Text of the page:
A touching tribute to Major Sandeep Unnikrishnan and his family



Story: “What is a soldier? is a question Major Sandeep Unnikrishnan has had to grapple with ever since he joined the Indian Army. It’s a question he asks himself even as he fights terrorists in Mumbai on the fateful day of 26/11.

Exam: You know how the saying goes, that funerals are for the living and not for the dead? If you thought Sashi Kiran Tikka is Major was just a tribute to the martyr of 11/26, you are wrong. This film is a tribute to the sacrifices a lonely wife had to make each time her husband left to fight bad guys, sacrifices parents have to make while praying that their son won’t be called to war. This film is for those whose sacrifices are rarely recognized while they are most often in mourning.

Sandeep Unnikrishnan (Adivi Sesh) has a protective instinct embedded in his DNA. He feels fear but he doesn’t think twice before putting himself in danger if it means saving someone’s life. It’s no wonder that even as a little boy he was fascinated by the “uniform” and the way of life of a soldier. But what does it mean to be a soldier? Does it mean giving up on being a good husband and son, does it mean putting yourself first on the battlefield, or going to the extremes of being a sacrificial lamb without self-preservation? Even as he faces these questions, tragedy strikes the nation and Sandeep, now a major in the NSG, must do his part.

Go in Major, you already know how the 26/11 terrorist attack in Mumbai will unfold; you also know that Sandeep will end up a martyr. So how do you tell a story where the audience already knows the major rhythms? Although one can choose and think of various other ways, director Sashi Kiran Tikka and Adivi Sesh, who wrote the story and script, decide to focus on Sandeep the human as a whole rather than Sandeep the martyr. When the inevitable happens, you mourn not just a soldier who sacrificed his life for the country, but a life he could have lived. To reveal anything more about this coming-of-age story would be an injustice.

Helping Adivi Sesh, Saiee Manjrekar (who plays his childhood sweetheart Isha) and Shobitha Dhulipala (who plays a businesswoman called Pramoda) form a strong technical team. Saiee gets a character with heart, a character that is fully fleshed out instead of existing for fun. Shobhitha’s Pramoda is as detailed as possible; given the circumstances in which it is introduced. Abburi Ravi’s dialogue and Sricharan Pakala’s music blatantly play on your emotions, but for the most part they do it well. In fact, it’s one of their best works. Vamsi Patchipulusu’s cinematography ranges from dreamy to suffocating, depending on the scene unfolding as Vinay Kumar Sirigineedi and Kodati Pavan Kalyan make smart editing choices that stand out in key scenes. Naba’s action sequences also stand out.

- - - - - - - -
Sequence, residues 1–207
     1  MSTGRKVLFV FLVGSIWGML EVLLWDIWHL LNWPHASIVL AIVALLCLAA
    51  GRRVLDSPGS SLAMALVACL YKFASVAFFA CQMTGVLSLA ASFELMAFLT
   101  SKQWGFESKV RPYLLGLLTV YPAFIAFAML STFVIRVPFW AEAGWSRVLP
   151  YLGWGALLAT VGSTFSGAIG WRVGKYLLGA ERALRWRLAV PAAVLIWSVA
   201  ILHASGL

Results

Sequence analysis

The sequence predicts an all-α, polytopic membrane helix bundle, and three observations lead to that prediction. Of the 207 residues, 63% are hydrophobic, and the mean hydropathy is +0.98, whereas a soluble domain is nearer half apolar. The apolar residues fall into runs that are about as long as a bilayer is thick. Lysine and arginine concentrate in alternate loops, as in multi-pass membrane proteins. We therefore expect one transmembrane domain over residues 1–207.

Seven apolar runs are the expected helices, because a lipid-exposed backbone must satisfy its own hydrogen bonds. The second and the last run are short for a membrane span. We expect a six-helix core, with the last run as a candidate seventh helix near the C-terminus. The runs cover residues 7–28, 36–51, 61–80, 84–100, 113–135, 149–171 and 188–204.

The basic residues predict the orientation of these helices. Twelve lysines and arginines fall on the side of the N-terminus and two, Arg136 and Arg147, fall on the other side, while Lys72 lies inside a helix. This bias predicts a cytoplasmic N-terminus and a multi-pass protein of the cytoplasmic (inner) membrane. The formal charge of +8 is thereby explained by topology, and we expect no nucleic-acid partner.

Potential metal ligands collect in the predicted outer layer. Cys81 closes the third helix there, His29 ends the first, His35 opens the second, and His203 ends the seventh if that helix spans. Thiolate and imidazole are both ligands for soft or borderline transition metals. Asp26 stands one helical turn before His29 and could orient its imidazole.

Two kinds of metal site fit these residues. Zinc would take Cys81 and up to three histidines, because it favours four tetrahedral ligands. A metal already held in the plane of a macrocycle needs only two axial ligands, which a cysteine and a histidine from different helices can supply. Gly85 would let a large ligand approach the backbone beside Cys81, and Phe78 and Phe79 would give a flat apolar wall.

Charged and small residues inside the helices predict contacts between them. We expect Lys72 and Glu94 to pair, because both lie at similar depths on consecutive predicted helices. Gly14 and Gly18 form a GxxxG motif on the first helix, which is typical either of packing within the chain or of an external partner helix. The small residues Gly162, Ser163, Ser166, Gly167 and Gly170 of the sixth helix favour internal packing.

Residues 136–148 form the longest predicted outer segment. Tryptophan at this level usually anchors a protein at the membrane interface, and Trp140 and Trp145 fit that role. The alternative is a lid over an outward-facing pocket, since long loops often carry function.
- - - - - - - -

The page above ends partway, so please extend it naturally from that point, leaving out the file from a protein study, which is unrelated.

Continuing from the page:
However, the film is not without flaws. Abburi Ravi’s dialogue and Sricharan’s music get a little too heavy in certain scenes, forcing you to feel a certain way before you even feel it organically. Sandeep and Isha’s cute encounter doesn’t have the intended effect even though their storyline grows stronger as the film progresses. Some leads regarding Sandeep’s army mates seem incomplete. There are a few other things one could choose as well, but the way the movie is crafted with a non-linear storyline doesn’t really leave you much to think about.

Adivi Sesh gets the role of his life and he grabs it with both hands. He does a good job playing both a smooth-faced teenager who might seem naïve to a man who knows what he wants out of life and is willing to fight for it, even if circumstances don’t always allow it. . Saiee fits the role as far as her age goes, but she comes across as raw and inexperienced in the emotional scenes. Shobitha comes through in her role, as do Murli Sharma and Anish Kuruvilla. Prakash Raj and Revathi, who play Sandeep’s parents, give their all for the role. Everything from how they love their son to mourning him comes across as heartbreaking realism.

Major could be an action drama for the most part where guns and bombs become the norm after a while of running time, but the film does a good job of opting for a personal tone instead of a jingoistic one, while the latter could have been easier. This one deserves to be watched on the big screen, you won’t regret it.


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